It is often thought – wrongly – that you will only tan or indeed burn when you can see the sun shining. Unfortunately, this is not true at all – the ultra-violet rays are still around even on hazy or overcast days, so can still produce a tan or even sunburn. And a light breeze, although it may make you feel cooler and more comfortable, is no protection at all against the sun.
So, always aim to tan gradually. This not only reduces the risk of burning, it also produces a tan which will last longer. It takes about 8 days to develop enough of a tan to protect you against sunburn. Begin with a very short period of exposure. If you are fair-skinned start with 10 or at the most 20 minutes on each side of your body – front and back. If you are darker, you can start with up to 25 minutes front and back. If your first exposure causes no discomfort or reddening, then you can increase the time by about one third each day. Remember to count in all the time that you spend in the sun as exposure time. You may not be trying to get a tan when you walk along the road to the beach, but your skin won't know the difference!
After the sun
When your skin has been soaking up the sun all day, it's liable to feel tight and dry. And, of course, it will be dry because the sun is dehydrating. Put back some of the lost moisture, and soothe and lubricate your skin with an after-sun lotion. Applied lavishly after every tanning session, this will not only keep your skin soft and smooth, but also help you to hang on to your tan just a little bit
longer. As the top layer of dead skin cells are shed, so too is your tan. You won't notice this if the sun continues to shine, as you'll keep right on tanning; but when the sun has gone, or when summer's over, your tan will gradually fade away. Dry skin flakes off more readily and more rapidly than skin that's kept moist and supple – so regular moisturising lets your tan last longer.
Always apply after-sun lotion or moisturiser after sunbathing
If you can't or don't want to tan, but like the effect of tanned skin – then a fake tanning product is the answer for you.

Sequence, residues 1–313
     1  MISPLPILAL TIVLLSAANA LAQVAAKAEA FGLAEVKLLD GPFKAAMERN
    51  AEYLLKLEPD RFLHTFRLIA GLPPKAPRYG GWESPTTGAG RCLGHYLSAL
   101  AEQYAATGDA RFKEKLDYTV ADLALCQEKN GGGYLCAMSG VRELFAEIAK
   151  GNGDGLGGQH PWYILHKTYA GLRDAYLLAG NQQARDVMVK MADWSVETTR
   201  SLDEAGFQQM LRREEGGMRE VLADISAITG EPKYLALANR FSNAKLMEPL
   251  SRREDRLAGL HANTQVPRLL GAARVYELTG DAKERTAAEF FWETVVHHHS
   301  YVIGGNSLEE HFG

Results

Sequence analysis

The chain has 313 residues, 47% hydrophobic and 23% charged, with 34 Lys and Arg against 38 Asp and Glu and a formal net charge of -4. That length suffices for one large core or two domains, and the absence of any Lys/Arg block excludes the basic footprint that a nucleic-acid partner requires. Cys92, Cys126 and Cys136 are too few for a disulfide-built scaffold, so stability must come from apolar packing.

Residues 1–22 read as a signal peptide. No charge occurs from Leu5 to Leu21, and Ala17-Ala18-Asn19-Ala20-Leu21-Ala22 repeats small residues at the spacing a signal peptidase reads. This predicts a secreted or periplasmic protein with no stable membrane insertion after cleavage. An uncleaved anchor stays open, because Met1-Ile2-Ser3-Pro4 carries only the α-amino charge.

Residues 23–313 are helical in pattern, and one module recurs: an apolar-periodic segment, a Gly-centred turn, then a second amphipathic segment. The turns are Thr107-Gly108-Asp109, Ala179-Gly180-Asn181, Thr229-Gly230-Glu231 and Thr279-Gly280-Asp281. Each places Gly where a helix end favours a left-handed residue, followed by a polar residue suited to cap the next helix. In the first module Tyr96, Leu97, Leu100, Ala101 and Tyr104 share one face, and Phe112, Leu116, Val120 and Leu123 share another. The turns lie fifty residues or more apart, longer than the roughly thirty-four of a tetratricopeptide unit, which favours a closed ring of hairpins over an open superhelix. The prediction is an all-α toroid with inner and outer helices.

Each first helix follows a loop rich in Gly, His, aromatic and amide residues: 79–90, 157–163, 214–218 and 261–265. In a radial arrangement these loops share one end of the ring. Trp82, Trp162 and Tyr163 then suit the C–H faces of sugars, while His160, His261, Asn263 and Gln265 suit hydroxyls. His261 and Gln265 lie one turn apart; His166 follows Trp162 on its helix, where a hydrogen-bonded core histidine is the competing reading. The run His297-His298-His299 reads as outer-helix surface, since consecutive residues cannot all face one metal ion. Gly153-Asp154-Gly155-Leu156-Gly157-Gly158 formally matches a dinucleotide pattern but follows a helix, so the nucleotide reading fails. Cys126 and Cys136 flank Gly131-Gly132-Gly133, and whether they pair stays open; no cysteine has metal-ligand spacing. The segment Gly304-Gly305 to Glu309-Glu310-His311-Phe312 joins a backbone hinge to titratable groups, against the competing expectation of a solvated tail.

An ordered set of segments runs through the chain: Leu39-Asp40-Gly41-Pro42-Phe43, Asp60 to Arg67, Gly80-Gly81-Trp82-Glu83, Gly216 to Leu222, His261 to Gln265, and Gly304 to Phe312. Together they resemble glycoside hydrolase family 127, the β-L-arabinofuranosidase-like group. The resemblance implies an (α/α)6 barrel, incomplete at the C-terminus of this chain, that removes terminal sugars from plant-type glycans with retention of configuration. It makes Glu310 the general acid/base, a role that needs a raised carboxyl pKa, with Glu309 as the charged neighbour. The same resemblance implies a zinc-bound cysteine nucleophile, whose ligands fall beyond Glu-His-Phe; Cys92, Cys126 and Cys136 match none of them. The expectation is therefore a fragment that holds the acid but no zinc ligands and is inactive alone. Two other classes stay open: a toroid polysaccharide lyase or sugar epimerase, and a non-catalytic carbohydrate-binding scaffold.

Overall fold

These products contain a chemical substance which reacts with proteins in the skin's outer layer to produce a tanned effect -usually within 3 to 5 hours. Though the result differs from a real tan in that the process does not involve melanin production, it will last about the same length of time as a naturally-acquired tan (about 8 days) and will fade gradually just as a real tan does.
Fake tanners usually come in the form of a lotion or a foam. Great care must be taken when applying either type to avoid streaking and patchiness and to achieve a natural-looking result. It's important to start with clean and well-moisturised skin. Apply the foam or lotion as smoothly and evenly as you can – a fine sponge makes an excellent applicator. Use long, smooth strokes rather than dabbing movements and don't attempt to rub the foam or lotion into your skin, it should just be spread over the surface. Dry areas of skin will take much more colour from the product than moister, smooth skin, so you should apply it very thinly indeed to rough patches on elbows, knees and heels. Some fake tanning products also incorporate a cosmetic colouring agent so that you can see where and how well you have applied it. Wash your hands well afterwards, or they will be stained very darkly indeed when the colour develops. Remember, it's better to apply too little, as you can always repeat the process for a deeper colour, than to overdo it and have to wait some time for the effect to fade.
If you want to build up a natural-looking tan (perhaps in preparation for your holiday) using a fake-tanning product, apply it every
other day for a week. If you want to wear a fake tan all the time, then keep it going with weekly applications.
You can also fake a tan with cosmetics which stain or colour the skin like make-up, rather than by a chemical reaction. Their effect is temporary and will wash off with soap and water.
Caution: Remember, when wearing a fake tan of any kind, that these products do not as a rule contain any sunscreening agents (the label will tell you if they do) so they give your skin no protection against burning. If you go out in the sun, always apply a protective sun care preparation over your fake tan.